Also, before you can even begin to talk about that you need to also be looking at your own business and if you’re actually paying your staff more than minimum wage and ask yourself if you’re paying your staff a living wage first.

How would you describe the coffee scene here in Berlin?

Well, I first came here for a holiday in 2008/2009. When I got here there was only one or two specialty cafes that had opened. Berlin went from being this place with these little coffee houses with bad coffee to, within five years, having the best coffee in all of Europe. It was an insane speed for that progression. When you grow a business or an industry or a culture – anything – you kind of need to do it slowly so you don’t get growing pains.

So you feel that there is growing pain?

Yes, for sure. It’s gone from zero to hero in the course of five years but the average salary of the workers is still the same. You’re still paid by the hour. If you’re the manager of a shop you don’t get paid by the hour, you get a salary.

Also the mental strain for workers here is significant as they have to jump between German and English, and that’s not reimbursed in a monetary way in Berlin. I think the first thing a lot of cafe staff should be told is not to make people speak in English to order their coffee–I mean, when you wake up in the morning the first thing people are getting to wake them up is coffee. Don’t make people switch to English to get the thing that wakes them up (laughs).

Yeah I remember when Morgan opened Silo, and there were 10-15 cafes then. Now there’s like, more than 50 easily…

Yeah, there’s so many. People are so much more aware of specialty coffee now... Where are you from in the UK?

Orsett in the South. There’s not so much of an espresso culture there. If you get filter coffee there It’s more like the American diner style. Are you from Melbourne?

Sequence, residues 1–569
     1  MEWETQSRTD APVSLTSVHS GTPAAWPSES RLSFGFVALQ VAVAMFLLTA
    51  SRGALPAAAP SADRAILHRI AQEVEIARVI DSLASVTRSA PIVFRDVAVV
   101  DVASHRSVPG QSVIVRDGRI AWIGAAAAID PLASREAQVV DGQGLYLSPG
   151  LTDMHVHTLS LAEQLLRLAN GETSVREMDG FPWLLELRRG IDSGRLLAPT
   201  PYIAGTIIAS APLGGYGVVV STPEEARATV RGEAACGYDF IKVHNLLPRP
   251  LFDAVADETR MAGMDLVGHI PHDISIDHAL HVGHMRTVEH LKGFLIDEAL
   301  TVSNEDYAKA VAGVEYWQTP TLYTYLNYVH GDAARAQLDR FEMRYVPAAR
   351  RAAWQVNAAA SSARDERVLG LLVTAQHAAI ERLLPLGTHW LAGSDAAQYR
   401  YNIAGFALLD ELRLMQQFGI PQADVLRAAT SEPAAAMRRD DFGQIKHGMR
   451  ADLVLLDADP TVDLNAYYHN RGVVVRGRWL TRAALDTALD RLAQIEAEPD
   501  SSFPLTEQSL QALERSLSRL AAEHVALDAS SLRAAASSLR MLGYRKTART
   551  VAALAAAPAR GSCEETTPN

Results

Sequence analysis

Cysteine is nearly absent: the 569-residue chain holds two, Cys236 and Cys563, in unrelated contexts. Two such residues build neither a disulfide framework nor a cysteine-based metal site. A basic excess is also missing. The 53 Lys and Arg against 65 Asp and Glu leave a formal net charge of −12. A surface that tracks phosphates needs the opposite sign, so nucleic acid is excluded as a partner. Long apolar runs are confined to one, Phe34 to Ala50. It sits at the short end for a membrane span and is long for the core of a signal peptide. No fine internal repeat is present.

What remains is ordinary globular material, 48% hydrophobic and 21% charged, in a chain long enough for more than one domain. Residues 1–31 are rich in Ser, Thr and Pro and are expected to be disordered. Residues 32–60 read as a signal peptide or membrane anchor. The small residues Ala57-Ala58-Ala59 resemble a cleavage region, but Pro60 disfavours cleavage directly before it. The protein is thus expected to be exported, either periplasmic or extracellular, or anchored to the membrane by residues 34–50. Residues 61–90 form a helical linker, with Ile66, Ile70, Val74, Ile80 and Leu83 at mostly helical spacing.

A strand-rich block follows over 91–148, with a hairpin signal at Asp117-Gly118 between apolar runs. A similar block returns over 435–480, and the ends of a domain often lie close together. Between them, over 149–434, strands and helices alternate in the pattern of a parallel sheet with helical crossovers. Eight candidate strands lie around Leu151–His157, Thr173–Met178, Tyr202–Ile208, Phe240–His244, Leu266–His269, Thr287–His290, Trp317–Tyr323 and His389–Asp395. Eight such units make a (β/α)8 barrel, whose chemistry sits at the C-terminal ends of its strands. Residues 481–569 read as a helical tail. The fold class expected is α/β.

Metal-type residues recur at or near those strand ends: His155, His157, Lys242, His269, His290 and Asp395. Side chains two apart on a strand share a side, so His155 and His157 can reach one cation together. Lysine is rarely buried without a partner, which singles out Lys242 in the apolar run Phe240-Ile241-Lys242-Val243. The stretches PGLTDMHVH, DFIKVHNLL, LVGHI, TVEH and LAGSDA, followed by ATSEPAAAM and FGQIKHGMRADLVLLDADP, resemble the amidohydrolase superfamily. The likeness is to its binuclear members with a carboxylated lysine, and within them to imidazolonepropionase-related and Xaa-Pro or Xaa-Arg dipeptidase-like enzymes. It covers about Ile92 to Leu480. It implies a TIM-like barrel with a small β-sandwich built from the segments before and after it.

Originally I’m from a surfer town called Byron Bay. It’s a holiday town that has more tourists than locals (laughs), but I lived in Melbourne for some years. It was a huge influx of Italians in the 50s that brought espresso machines to Melbourne that resulted in the city adopting this Italian culture and it slowly evolved into what it is now.

We sell your coffee here at Standert. How did that come about, were you already aware of us?

Very much so. I used to ride past your original shop every day as I rode to the Nordic embassies when I was setting up a cafe. I was aware of you guys very early on and then your friendship with Morgan was the original cause in the partnership.

Yeah originally we were getting coffee elsewhere and I started working here and was like ‘we’ve got to get this coffee, it’s too good!’

It’s good. Yeah, the kind of culture surrounding coffee and bikes is very harmonious and meshes together nicely.

What’s your personal involvement in cycling?

I try hard to ride bikes… professional “get-dropped-er” (laughs).

That’s always a good place to start (laughs). You have been riding bikes a long time though, right?

Yeah, definitely. Although in the last six months I’ve learned more about zones and what heart rate does and more of that side of things.

It’s a slippery slope once you get a computer and a heart rate monitor and a power meter.

Yeah, and it’s also slippery in the wrong direction–

It becomes an obsession...

Yeah, just trying to do base training. It’s so painfully easy and yet it’s really easy to not do it. I’m currently enjoying my Friday trips to Grunewald and doing hill repeats on the Teufelsberg hill.

Lastly, where can people in Berlin go to have a Field coffee?

You can go to one of our three cafes - Father Carpenter, Sorrel or Silo, or a number of cafes that use our coffee or our sister brand, Fjord Coffee. Here are some off the top of my head that I'd highly recommend;

  • Kaffeebar, Kreuzberg

  • Hallesches Haus, Kreuzberg

  • Distrikt, Mitte

  • Wilke, Neukölln

  • Kafe Kraft, Prenzlauer Berg & Pankow

  • Käyke, Mitte

  • Goldhahn und Sampson

  • Domberger Brot

  • Factory Girl

  • Le Bon

Follow Field on Instagram, buy their beans online to drink at home, or stop by the above cafe’s for a Field coffee.

Field and Standert also recently collaborated on a coffee that'll give you a perfect pre-race buzz. You can shop the collaboration on their website, too.